ARE AFFIRMATIVE ACTION PROGRAMS FAIR?
REGENTS OF THE UNIVERSITY OF CALIFORNIA VS. BAKKE
In the 1970s, the government urged employers and schools to adopt affirmative action programs. These programs aimed to increase the number of women and minority group members in college, post graduate schools, and higher-paying jobs. The goal was the makeup from past discrimination against these groups. Did those programs now discriminate against white males?
The Facts The Issue The Decision
• Allan Bakke, a white man, was twice denied admission to a University of California medical school
• Bakke had a stronger academic record than 16 minority group applicants that the school had accepted under a special program • Bakke claimed that his rights under the equal protection clause of the Fourteenth Amendment had been violated • 5 Justices agreed that racial quotas violated Bakke’s rights
• One of those Justices and four others agreed that race could be a factor in admissions decisions
WHY IT MATTERS
Some people predicted that Bakke would end affirmative action. That did not happen, however. Justice Lewis Powell was the key figure in the Court’s complex statements on the issue. He agreed with four Justices that quotas were not acceptable, but he also agreed with the other four that using race as a factor in admissions was acceptable. Powell favored using race as a “plus factor”, just like artistic or musical ability, athletic talent, or other factors.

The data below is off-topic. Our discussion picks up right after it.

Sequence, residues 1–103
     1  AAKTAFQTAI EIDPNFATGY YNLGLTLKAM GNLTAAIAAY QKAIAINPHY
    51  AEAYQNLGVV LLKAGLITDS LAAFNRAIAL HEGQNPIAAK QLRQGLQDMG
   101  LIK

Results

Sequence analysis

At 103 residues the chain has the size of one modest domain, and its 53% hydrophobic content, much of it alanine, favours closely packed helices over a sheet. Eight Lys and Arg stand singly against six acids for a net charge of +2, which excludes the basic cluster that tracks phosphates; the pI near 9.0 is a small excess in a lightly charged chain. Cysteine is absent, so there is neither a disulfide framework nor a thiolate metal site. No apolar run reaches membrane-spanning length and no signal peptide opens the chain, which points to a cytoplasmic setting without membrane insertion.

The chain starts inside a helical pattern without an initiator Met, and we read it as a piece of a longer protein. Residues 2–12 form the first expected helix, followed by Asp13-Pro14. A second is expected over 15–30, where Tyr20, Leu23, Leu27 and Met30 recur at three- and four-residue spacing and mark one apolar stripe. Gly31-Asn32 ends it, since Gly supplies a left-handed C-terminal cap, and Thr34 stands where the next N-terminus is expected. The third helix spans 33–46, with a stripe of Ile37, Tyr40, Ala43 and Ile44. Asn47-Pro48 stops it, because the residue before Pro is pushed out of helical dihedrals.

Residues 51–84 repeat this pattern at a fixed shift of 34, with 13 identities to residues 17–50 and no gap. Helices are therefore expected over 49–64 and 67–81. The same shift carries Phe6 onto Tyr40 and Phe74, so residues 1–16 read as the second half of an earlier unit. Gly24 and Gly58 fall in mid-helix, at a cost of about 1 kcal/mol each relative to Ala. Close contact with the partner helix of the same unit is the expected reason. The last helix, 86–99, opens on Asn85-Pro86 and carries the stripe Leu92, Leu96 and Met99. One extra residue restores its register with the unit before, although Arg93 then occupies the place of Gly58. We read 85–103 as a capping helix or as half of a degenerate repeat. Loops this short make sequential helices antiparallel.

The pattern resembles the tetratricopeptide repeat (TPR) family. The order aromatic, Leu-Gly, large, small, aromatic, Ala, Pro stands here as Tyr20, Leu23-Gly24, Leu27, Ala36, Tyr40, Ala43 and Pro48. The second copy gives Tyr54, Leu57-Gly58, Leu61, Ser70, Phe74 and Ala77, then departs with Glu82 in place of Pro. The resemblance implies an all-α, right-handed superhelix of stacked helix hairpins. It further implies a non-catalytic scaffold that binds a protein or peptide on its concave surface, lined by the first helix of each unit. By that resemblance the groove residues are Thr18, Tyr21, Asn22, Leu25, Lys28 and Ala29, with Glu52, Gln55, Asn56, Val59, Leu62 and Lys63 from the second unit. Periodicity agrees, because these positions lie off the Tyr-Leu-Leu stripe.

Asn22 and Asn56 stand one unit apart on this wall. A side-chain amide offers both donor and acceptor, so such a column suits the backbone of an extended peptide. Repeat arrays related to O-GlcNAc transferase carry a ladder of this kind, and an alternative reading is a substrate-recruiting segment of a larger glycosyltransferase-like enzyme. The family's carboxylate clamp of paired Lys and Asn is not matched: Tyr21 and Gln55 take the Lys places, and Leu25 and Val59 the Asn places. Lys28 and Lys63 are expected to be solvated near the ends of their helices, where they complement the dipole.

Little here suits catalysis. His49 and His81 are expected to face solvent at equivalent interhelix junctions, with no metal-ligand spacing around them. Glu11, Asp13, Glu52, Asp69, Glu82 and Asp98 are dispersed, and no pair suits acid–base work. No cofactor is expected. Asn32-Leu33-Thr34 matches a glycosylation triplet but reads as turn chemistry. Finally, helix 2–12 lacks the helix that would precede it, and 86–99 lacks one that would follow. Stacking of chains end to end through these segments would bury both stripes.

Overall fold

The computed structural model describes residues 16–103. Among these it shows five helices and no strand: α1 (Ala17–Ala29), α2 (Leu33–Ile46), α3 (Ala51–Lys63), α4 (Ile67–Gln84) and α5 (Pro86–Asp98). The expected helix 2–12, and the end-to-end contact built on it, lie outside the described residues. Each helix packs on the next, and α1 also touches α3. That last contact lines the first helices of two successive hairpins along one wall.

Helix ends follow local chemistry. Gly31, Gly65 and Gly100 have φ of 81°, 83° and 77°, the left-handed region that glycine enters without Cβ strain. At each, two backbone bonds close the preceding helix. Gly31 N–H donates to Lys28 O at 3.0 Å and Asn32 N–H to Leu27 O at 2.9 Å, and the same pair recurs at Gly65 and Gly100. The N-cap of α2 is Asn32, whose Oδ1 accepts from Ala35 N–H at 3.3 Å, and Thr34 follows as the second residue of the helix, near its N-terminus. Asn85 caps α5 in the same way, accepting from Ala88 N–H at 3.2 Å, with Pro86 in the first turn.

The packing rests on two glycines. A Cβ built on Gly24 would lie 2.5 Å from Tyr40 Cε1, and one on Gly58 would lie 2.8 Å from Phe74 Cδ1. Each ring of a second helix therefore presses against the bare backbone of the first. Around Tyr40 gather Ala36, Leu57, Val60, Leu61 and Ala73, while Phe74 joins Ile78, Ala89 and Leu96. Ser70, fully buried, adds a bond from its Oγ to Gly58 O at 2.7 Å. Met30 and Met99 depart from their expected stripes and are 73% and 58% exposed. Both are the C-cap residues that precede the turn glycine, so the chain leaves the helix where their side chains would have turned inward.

After the Court’s decision, universities dropped quotas systems. Many also followed Powell’s opinion by setting up programs that considered a person’s race as one factor among many.
CONNECT TO YOUR WORLD
In 2003, the court’s visited the issue again. In Grutter V. Bollinger, a 5-4 majority ruled that a law school’s admissions policy met the standards of Bakke by using race as part of the process but not as a deciding factor. Read more about the case, then take the role of a newspaper editor and write an editorial agreeing or disagreeing with the Court’s decision.